Even though the roots of the global financial crisis lay in risky financial structures in the United States and weaknesses in financial regulation, the crisis became global mainly because of significant financial and trade linkages between the US and other countries. Most countries, including European Union countries and Korea, have felt the impact of the global crisis. The major channels through which the global crisis transmitted to the EU economy seems to be related to the internationalisation of the financial services industry and financial interlinkages, while in Korea the trade channel was more important.
There was a striking difference between the ways in which the EU and Korea were affected by the global financial and crisis. While the initial shock was broadly similar after the collapse of Lehman Brothers in September 2008, Korea recovered very quickly and output in 2013 is expected to exceed by more than 18 percent the 2007 output level. But the EU’s output is still expected to fall behind the pre-crisis value. The current mild impact of the crisis on Korea is in contrast to the harsh impact of the Asian crisis in the late 1990s, when Korean output fell significantly in 1998, though it recovered quickly after 1999.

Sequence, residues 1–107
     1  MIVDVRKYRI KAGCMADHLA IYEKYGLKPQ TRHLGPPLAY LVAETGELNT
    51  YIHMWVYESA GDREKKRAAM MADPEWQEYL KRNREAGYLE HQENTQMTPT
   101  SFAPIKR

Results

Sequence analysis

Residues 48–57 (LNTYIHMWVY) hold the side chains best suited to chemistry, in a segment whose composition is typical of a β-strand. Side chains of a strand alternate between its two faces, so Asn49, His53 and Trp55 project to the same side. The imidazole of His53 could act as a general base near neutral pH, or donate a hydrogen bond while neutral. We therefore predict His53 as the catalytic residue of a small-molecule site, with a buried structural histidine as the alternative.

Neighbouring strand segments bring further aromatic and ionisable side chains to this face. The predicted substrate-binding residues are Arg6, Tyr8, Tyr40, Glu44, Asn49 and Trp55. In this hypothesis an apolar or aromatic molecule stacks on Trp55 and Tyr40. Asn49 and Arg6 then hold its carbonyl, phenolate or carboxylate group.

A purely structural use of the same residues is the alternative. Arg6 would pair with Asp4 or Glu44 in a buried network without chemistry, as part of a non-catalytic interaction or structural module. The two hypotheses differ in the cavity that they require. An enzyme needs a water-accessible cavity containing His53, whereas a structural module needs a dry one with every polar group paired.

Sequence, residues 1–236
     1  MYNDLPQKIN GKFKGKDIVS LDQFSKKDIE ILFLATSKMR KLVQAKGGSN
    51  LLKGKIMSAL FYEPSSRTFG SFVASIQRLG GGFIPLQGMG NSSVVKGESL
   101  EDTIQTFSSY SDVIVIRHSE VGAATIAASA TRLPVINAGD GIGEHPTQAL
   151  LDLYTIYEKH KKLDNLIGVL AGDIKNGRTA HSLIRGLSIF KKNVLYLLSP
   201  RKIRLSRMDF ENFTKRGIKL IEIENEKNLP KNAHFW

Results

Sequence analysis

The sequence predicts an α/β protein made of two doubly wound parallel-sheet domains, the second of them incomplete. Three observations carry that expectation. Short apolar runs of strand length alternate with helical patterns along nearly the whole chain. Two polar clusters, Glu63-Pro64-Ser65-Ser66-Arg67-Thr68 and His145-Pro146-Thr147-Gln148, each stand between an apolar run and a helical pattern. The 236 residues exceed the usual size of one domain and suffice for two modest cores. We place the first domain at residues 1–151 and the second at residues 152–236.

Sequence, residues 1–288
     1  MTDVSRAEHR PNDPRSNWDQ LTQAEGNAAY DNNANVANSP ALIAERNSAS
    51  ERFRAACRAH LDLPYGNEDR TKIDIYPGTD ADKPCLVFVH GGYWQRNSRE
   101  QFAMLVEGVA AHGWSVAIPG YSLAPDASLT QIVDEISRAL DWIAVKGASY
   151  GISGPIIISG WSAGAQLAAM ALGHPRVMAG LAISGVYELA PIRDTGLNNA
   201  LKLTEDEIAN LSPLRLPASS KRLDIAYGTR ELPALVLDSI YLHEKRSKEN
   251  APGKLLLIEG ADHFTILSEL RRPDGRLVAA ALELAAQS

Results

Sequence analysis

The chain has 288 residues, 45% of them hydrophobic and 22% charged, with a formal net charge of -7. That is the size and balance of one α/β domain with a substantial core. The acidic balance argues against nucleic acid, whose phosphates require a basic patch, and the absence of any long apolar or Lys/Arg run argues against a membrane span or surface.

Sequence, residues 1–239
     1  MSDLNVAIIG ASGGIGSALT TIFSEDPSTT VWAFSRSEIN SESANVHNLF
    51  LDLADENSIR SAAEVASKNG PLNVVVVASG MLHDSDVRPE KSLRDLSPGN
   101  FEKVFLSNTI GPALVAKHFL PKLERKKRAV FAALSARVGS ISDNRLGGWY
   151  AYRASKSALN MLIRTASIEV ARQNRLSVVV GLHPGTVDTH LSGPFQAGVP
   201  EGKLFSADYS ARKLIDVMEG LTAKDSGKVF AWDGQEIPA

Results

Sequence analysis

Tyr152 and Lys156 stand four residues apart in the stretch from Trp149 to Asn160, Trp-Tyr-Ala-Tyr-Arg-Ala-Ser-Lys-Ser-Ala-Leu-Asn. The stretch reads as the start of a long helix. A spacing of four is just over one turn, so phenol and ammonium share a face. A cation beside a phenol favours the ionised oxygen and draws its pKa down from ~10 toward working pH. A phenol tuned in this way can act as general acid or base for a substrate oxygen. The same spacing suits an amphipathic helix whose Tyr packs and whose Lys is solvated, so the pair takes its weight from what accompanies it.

Based on these observations, we launched a research project to learn from each other by studying the crisis response in the EU and Korea, and the potential for internationalisation of the financial services industry in the EU and Korea. This research was supported by the European Commission, for which we are grateful.
We organised two major conferences, one in Brussels on Global financial services integration on 16 April 2012, and one in Seoul on The Eurozone crisis and its impact on the global economy on 16 January 2013. We published four newsletters with various articles related to our research themes. This e-book collects our contributions to this project and presents the conference summaries.
Zsolt Darvas, Bruegel April 2013